The application’s web view is based upon the native web view of the operating system, essentially the same as the standard web browser – minus the window chrome. You build all of the navigation and content elements entirely in HTML, CSS, and JavaScript, with your application logic written in JavaScript. PhoneGap provides a JavaScript-to-native bridge. This lets your application interact with the native operating system without having to write any native code. You build your application logic entirely in JavaScript, and leverage the PhoneGap API to interact with the device operating system.

Figure 2. PhoneGap provides access to device features

“Out of the box” PhoneGap provides access to a device’s accelerometer, compass, and geolocation capabilities, access to device contacts, the local file system, the device camera, and media playback and capture functionality. You can access all of these features on multiple platforms, without having to write a single line of native code – all can be accessed entirely by JavaScript. If this isn’t enough for you, you can easily extend PhoneGap by building “native plugins” on top of the extensible architecture – I’ll get into further detail later in this article. PhoneGap also provides a means of packaging applications to target popular mobile ecosystems. The output of a PhoneGap application is a binary application archive that contains all necessary HTML, CSS, & JavaScript assets for you application to function.

Figure 3. PhoneGap packages apps to target popular mobile ecosystems

For iOS devices, this outputs an IPA file, for Android this is an APK file, for Windows Phone this is a XAP file, etc… All of these binary formats are normal archives that you could then upload to the iTunes Store, Google Play, BlackBerry App World, the Windows Phone Marketplace, or install directly onto a device. A single codebase for a PhoneGap application can be used to target Apple iOS, Google Android, Windows Phone, BlackBerry, HP WebOS, Symbain, and Samsung Bada operating systems, and can be used to target both phone and tablet form factors. As I mentioned earlier, PhoneGap is free and open source. The entire codebase for PhoneGap is freely accessible as a part of the Apache Cordova project. You can download the source, make changes, and contribute back to the project today!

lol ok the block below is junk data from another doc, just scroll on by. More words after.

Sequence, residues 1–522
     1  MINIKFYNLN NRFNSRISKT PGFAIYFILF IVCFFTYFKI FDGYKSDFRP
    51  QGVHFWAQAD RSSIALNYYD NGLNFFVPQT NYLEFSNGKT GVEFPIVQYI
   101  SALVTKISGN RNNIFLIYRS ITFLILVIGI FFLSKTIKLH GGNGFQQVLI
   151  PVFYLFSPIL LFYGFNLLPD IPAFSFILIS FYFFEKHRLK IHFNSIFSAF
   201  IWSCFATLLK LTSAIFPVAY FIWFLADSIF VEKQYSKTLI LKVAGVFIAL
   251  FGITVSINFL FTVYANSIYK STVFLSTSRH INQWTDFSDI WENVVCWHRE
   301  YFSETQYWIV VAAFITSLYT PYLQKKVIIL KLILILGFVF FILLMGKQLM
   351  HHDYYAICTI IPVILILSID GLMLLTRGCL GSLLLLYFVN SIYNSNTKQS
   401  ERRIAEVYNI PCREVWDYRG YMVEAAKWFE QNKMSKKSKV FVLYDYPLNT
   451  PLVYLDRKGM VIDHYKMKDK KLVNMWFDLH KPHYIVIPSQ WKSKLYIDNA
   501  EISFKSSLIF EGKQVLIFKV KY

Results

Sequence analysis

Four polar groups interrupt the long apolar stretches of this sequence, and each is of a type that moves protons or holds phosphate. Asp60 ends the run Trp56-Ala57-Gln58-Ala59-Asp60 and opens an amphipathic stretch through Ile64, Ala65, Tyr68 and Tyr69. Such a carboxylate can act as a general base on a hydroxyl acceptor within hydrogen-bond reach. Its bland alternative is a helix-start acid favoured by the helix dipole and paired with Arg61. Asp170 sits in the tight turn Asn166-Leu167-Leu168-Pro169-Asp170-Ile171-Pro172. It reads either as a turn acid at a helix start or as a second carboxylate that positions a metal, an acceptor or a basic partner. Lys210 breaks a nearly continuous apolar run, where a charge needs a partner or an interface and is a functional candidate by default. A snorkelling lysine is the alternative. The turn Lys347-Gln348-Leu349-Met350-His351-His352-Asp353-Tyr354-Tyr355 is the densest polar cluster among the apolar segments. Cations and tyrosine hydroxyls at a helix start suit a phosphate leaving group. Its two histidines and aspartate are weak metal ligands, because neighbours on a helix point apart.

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Database.com
Database.com is the cloud database offering from salesforce.com. Database.com enables hosted relational database capabilities that you easily can tap into within your applications, without having to manage the infrastructure on your own. You can use the Web-based administrative interface to create objects and relationships, and use the REST or SOAP APIs to access your data. You can learn more about the capabilities of Database.com through the Developer Center.

The Application
In this article, we will walk through the creation of a basic PhoneGap application that consumes data from Database.com. Here is the basic concept: It is an application that could be used by workers “in the field” to travel to various locations and collect contacts or “leads”. It can be used to gather contact information, as well as notes, and it can record the user’s GPS coordinates to identify where the information was captured. It will also allow you to go back and edit data that you’ve previously captured. Of course, the application also needs to be accessible on a variety of platforms. Let’s examine the basic flow, then we’ll get into details how it was created.

Figure 4. The sample app three main screens

You can see that there are three main screens, the “home” screen, which gives you the options to either add a new record or view existing records, the “Leads” list, which shows existing records, and the form to add/edit records. There will also be a login/authentication screen, which we will cover later, but for now you can see that it is a straightforward application use case. The full source code for this application is available at https://github.com/triceam/Database.ComPhoneGap-Sample.

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Database For data storage, this application will use a single custom table on Database.com. Although this is a basic one-table example, Database.com can also support large, multi-relationship data structures. After you sign up for a free account, log in, and click “Create A New Object” on the System Overview screen.